Each mynah took a turn, and each time, the plover stood its ground and “put the upstart mynah in its place.”

Eventually, the mynahs gave up. “The plover watched them depart … then proceeded to go about his little ballet as he extracted edible goodies from the ground.”

It’s a great plover story. Thanks for writing.

 On lobsters and chemicals: In U.S. waters, the taking of egg-bearing lobsters is illegal. Such laws were enacted to let the lobsters reproduce, thus perpetuating the fishery.

This logic appears to have escaped some lobster catchers who take fertile females anyway.

Before inspectors examine the catch, the criminal fishers remove the sticky eggs from the mother’s shell. One common way to do this is to dip the animal in chlorine.

Such dips dissolve the hard-to-

remove glue that holds the eggs onto the female.

Now, researchers at Woods Hole (Mass.) Marine Biological Laboratory has figured a way to fight chemicals with chemicals. When lobsters that have been chlorined are dipped in a solution of potassium iodide, they turn yellow. This happens even 10 days after a chlorine dip.

Hopefully, cheaters will be prosecuted as a result of this new test.

 Dolphin deaths: Since the passage of dolphin-safe legislation in 1991, about 4,000 dolphins have been incidentally killed in tuna nets annually. This number is way down from the 52,000 killed in 1990 alone, but still, 4,000 each year is a lot of dead dolphins.

This “acceptable kill rate reinforces my belief that keeping dolphins in marine parks and research facilities is a good idea. If we are to save dolphins, people have to see some and researchers have to learn more about them.

The number of captive dolphins in the world is minuscule compared with the number killed. At least those in marine parks are safe from killer nets.

 Sea horses’ slaughter: Throughout China, sea horses are considered good medicine, particularly useful in aphrodisiacs.

Now, as a result of economic booms there and in other Asian countries, demand for the little fish is shrinking their populations at alarming rates.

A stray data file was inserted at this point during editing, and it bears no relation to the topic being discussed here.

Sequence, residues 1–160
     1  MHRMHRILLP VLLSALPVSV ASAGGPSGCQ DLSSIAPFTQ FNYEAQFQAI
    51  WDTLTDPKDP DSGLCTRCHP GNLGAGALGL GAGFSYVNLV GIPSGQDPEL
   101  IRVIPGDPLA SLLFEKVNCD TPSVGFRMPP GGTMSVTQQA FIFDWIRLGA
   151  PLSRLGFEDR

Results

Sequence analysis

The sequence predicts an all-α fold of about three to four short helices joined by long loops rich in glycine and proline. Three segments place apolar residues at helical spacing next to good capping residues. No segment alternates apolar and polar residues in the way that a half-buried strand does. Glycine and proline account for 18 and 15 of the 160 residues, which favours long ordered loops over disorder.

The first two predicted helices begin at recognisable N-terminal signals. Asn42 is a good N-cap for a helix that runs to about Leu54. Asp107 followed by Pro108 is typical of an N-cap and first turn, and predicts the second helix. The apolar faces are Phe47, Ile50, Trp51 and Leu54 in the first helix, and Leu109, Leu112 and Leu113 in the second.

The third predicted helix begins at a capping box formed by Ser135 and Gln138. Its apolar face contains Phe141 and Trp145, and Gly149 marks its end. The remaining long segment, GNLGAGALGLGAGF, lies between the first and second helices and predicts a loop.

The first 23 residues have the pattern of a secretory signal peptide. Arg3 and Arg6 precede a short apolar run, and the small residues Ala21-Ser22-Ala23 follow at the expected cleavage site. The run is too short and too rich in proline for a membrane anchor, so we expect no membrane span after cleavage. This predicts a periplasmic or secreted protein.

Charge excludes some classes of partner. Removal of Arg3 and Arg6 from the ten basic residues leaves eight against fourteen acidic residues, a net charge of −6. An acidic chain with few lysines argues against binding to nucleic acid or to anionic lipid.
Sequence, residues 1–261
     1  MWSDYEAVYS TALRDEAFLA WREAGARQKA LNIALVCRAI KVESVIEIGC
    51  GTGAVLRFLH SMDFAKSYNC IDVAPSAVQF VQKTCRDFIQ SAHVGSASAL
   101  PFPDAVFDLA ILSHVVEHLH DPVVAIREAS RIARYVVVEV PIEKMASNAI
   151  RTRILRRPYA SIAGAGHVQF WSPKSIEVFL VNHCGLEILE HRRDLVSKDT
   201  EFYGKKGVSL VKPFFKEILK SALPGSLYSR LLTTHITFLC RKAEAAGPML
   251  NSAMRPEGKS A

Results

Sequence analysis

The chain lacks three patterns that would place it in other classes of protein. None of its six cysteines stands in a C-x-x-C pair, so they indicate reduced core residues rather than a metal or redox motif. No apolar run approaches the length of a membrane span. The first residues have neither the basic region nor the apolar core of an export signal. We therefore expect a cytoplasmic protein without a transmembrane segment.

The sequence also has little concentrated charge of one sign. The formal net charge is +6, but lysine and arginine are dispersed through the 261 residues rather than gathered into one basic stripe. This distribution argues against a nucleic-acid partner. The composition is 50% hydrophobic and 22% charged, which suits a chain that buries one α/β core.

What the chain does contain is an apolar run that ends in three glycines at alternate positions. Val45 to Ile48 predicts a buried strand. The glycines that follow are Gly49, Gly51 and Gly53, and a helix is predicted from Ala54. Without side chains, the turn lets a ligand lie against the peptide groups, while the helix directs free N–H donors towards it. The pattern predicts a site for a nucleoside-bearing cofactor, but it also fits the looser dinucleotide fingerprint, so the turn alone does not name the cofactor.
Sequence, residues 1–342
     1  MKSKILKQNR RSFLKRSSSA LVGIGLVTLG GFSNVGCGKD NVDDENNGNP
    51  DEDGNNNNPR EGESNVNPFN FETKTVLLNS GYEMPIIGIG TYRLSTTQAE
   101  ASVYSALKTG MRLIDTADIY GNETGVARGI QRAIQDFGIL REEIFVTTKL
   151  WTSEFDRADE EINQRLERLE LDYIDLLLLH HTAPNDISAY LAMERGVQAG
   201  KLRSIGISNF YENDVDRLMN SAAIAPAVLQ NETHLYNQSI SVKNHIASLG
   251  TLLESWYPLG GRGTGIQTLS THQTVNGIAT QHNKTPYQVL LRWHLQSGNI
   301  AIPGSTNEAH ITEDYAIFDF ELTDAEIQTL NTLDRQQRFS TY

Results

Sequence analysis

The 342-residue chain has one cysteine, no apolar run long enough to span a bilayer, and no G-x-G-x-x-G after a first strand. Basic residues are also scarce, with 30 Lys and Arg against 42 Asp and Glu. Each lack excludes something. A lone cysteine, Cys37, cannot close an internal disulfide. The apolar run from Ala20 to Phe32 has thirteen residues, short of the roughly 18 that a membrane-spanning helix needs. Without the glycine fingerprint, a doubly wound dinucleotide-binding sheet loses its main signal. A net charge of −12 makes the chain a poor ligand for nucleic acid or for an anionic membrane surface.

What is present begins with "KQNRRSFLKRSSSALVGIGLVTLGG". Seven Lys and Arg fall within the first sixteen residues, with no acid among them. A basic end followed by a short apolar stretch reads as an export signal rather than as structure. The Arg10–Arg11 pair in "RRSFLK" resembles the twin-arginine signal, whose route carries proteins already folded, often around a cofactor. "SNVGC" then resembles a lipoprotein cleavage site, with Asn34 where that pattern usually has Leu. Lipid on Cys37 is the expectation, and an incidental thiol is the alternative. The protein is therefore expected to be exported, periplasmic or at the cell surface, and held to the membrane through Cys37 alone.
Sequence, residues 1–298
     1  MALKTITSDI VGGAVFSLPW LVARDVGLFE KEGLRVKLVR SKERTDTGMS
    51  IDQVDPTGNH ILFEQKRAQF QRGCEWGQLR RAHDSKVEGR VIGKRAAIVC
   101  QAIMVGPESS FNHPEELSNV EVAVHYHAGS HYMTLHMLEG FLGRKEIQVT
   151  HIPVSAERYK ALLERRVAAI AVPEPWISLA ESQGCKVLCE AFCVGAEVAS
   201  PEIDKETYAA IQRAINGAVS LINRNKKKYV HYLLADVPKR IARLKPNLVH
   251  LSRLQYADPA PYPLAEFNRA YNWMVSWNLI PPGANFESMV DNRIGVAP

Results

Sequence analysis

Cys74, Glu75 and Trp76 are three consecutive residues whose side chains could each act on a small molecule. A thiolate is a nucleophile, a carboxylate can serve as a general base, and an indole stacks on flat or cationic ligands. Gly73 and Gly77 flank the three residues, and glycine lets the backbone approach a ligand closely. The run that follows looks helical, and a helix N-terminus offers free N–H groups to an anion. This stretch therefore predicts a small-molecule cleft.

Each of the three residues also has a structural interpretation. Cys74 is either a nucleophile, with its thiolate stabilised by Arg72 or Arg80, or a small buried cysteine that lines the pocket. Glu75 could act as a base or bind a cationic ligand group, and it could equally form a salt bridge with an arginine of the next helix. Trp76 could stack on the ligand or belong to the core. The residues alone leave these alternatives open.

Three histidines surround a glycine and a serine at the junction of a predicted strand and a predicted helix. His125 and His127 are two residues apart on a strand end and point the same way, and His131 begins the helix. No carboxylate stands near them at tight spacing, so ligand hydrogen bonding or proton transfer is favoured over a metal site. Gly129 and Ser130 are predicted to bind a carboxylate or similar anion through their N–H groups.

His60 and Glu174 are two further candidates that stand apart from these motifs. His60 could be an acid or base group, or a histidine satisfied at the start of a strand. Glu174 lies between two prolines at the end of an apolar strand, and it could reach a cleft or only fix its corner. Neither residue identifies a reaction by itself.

Of the 20 million sea horses caught each year, some are sold for aquariums but most are dried for use as medicine, even though its effectiveness is unproven.

Sea horses are vulnerable to overfishing with their limited range in sea grass and mangrove areas. But there’s hope. Captive breeding has been started in at least eight countries.

 Oiled birds: Regarding my column on the large cost and small reward of washing oiled seabirds, Mike Talvola of Los Angeles writes via e-mail: “I am struck by the similarity to the ‘war on drugs’ that pours huge amounts of money … toward illegal drugs when at least some of that money directed toward nicotine and alcohol would probably result in much greater benefit.”

Scientists may unlock secrets of gian squid

Published February 10, 1997 in the “Ocean Watch” column, Honolulu Star-Advertiser ©1997 Susan Scott

 IT’S amazing to me that enormous squid, 50 or 60 feet long, live here in the Pacific ocean, perhaps in our back yard, yet no one has seen one alive.

Now some light may be shed on these obscure animals. A group of researchers is traveling to the South Pacific to try to film giant squid in their home territory. The scientists will lower remote-controlled cameras, baited with squid food, to as deep as 10,000 feet.

If the effort is successful, the team will have cracked one of the biggest marine biology mysteries of all time: Where and how do giant squid live?

Myths and stories about these elusive deep-water creatures have been with us for centuries. Norwegian sailors called these big invertebrates kraken and others knew them as polyps (Greek for many-footed). But for most people, giant squid are simply sea monsters.

The image of a slimy skinned, 50-foot-long creature waving around 10 sucker-lined appendages does give me a little shiver. But the truth is, in spite of the stories of these “sea serpents” wrecking boats and grabbing people for lunch, no such attacks have been confirmed.

Besides that, it just doesn’t make sense that giant squid would be interested in eating humans. These animals live in the dark, cold depths of the ocean and healthy specimens never rise.

What do giant squid eat? Probably anything they can get their appendages around, most likely fish and other squid.

Squid appendages are unique. Most species, large and small, have 10. Eight of these appendages, called arms, are short and heavy, like those of their close relatives, octopuses. Like octopuses, cup-shaped suckers cover the inner flat surface of each arm in most species.

But the rims of squid suckers contain toothlike material and sometimes the inner walls bear hard hooks. These hooks, teeth and suckers help the creatures hold onto their slippery prey.